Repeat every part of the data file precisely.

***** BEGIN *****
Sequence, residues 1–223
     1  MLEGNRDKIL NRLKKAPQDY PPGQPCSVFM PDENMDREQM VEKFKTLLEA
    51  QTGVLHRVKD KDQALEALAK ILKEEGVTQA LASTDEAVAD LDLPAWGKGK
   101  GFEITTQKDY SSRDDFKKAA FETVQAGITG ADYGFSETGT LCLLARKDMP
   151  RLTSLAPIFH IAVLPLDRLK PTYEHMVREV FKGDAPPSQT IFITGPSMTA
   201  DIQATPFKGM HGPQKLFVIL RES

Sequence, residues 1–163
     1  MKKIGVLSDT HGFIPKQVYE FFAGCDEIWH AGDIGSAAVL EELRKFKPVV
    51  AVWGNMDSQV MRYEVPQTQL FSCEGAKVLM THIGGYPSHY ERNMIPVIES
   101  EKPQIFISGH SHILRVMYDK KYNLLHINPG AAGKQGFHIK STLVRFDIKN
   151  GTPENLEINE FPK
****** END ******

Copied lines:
Sequence, residues 1–223
     1  MLEGNRDKIL NRLKKAPQDY PPGQPCSVFM PDENMDREQM VEKFKTLLEA
    51  QTGVLHRVKD KDQALEALAK ILKEEGVTQA LASTDEAVAD LDLPAWGKGK
   101  GFEITTQKDY SSRDDFKKAA FETVQAGITG ADYGFSETGT LCLLARKDMP
   151  RLTSLAPIFH IAVLPLDRLK PTYEHMVREV FKGDAPPSQT IFITGPSMTA
   201  DIQATPFKGM HGPQKLFVIL RES

Sequence, residues 1–163
     1  MKKIGVLSDT HGFIPKQVYE FFAGCDEIWH AGDIGSAAVL EELRKFKPVV
    51  AVWGNMDSQV MRYEVPQTQL FSCEGAKVLM THIGGYPSHY ERNMIPVIES
   101  EKPQIFISGH SHILRVMYDK KYNLLHINPG AAGKQGFHIK STLVRFDIKN
   151  GTPENLEINE FPK